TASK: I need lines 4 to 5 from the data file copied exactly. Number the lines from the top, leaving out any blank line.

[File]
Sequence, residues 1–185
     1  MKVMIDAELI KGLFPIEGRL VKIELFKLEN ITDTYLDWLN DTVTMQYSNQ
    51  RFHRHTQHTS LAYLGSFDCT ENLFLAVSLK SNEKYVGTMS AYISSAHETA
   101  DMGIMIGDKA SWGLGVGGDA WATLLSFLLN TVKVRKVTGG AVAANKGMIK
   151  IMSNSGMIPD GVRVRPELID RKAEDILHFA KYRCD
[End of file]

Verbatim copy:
   101  DMGIMIGDKA SWGLGVGGDA WATLLSFLLN TVKVRKVTGG AVAANKGMIK
   151  IMSNSGMIPD GVRVRPELID RKAEDILHFA KYRCD